I have been re-reading and studying literature from wise men who have influenced me in the past. Glenn Clark was the founder of Camp Farthest Out which he began in 1930. As you may know from previous posts, our family attended CFO for many years and learned and experienced much in the camps. I have always been fascinated with the writings of Glenn Clark because he was so far ahead of his time. Here are some excerpts from an article entitled "Living Prayer" by Glenn Clark:
A living prayer is, in short, "the soul's sincere desire, unuttered or expressed."..
A prayer that springs from the sincere wish of one who is taking into consideration the welfare of others as well as of himself, and the answering of which will redound to the glory of God and the spreading of the Kingdom is truly a soul's sincere desire.
But the final test of whether a prayer is a soul's sincere desire is whether it is accompanied by a soul's sincere trust in the Father to whom it is addressed. The word desire points in the direction of the thing prayed for; the word trust points toward the One prayed to. When the trust balances the desire there is power in the prayer; it then possesses a celestial dynamic symmetry that is irresistible. But how do we know for sure that we really trust? The real test of trust is the capacity to let go. When one can put his desire utterly in the hands of God and go off and leave it with him, that prayer has become--as far as our human capacity permits--a perfect prayer.
But powerful as an individual prayer may be, still more powerful is a group prayer. Here the essential requirement is that there shall be no resentments, irritations, doubts, or conflicts of any kind among the group. Knowing the frailty of human nature, Jesus did not say, "The larger the number of folks that come together the more powerful the prayer will be." He said, rather, "Wherever two or three agree together asking anything in my name it shall be done." ...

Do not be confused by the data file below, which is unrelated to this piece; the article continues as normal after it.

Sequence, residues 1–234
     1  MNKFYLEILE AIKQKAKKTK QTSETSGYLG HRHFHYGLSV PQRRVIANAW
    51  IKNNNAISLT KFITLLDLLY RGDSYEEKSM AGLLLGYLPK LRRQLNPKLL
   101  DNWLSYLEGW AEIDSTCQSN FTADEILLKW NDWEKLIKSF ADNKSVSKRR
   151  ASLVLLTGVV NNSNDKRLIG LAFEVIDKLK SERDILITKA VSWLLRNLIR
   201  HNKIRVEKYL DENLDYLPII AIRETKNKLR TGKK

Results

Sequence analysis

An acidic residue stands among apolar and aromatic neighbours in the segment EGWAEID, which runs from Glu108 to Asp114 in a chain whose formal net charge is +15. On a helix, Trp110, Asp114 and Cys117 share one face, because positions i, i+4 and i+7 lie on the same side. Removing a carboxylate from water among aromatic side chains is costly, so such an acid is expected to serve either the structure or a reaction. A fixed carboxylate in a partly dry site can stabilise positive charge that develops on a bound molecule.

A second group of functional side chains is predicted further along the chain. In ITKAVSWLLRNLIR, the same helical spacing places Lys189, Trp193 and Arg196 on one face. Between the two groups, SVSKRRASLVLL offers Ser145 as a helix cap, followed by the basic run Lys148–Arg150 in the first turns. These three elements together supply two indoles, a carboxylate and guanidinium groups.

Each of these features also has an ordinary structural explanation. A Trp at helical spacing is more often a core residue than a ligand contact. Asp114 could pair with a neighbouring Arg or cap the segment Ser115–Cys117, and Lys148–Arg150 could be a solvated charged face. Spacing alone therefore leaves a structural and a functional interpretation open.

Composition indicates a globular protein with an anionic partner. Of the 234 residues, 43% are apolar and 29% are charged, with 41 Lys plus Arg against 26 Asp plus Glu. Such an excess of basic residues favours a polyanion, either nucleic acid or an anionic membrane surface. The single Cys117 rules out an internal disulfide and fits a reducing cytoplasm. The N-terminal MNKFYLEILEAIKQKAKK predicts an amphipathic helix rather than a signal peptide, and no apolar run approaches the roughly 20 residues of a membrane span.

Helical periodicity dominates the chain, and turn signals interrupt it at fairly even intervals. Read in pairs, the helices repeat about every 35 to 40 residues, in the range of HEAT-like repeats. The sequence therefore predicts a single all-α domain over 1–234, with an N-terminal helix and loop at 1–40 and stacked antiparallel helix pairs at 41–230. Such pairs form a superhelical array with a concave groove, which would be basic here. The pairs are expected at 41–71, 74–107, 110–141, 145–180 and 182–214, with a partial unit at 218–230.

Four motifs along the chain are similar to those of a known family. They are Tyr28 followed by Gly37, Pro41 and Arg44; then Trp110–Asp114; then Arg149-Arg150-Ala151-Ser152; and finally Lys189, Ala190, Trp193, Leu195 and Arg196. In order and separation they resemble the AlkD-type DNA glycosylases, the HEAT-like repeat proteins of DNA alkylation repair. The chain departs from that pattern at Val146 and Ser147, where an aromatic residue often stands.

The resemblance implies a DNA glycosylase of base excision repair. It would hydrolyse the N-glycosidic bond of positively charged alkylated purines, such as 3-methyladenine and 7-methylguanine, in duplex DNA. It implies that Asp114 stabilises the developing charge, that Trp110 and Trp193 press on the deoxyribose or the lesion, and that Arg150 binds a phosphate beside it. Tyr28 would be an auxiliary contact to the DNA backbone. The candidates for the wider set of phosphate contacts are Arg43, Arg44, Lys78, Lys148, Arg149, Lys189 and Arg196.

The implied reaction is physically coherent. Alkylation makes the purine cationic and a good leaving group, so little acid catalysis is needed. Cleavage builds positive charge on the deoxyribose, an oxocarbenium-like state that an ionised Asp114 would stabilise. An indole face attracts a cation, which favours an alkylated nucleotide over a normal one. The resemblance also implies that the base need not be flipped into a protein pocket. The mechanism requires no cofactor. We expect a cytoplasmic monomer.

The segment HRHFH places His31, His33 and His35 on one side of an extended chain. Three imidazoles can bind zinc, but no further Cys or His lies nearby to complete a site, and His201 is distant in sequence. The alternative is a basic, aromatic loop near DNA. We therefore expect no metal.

...Humility, love, and trust are the essential ingredients for all-powerful group prayer.
In the article Glenn gives an example of a sunken submarine that was raised from the depths of the ocean by pontoons as an example to be followed in prayer:
Four pontoons loaded with sand or other heavy ballast were sunk beside the submerged ship. Chains connecting these pontoons were passed beneath the ship. Then the ballast was released from the pontoons and air pumped into them from a battleship riding on the waves above. The air pressure raised the sunken vessel.
He says, "The first essential step is for those who pray to become so weighted down with compassion and concern for those in need that they descend to the plane of suffering with them. Then extending their sympathy (chains) and "agreeing" together in their soul's sincere desire to lift them from this place of suffering, they "let go" their ballast, dropping all their concern, their fear, their doubt, and thus, lightened of self, they "let God" let in himself. As the air is pumped into the pontoons "from above," so the surrendered soul, when it lets go of self, lets God send in the Holy Spirit from above.
As the sunken ship is raised effortlessly by the surrendered pontoons filled with air, so the sunken world may be lifted if enough persons can let go and let the Holy Spirit take complete control of the affairs of men.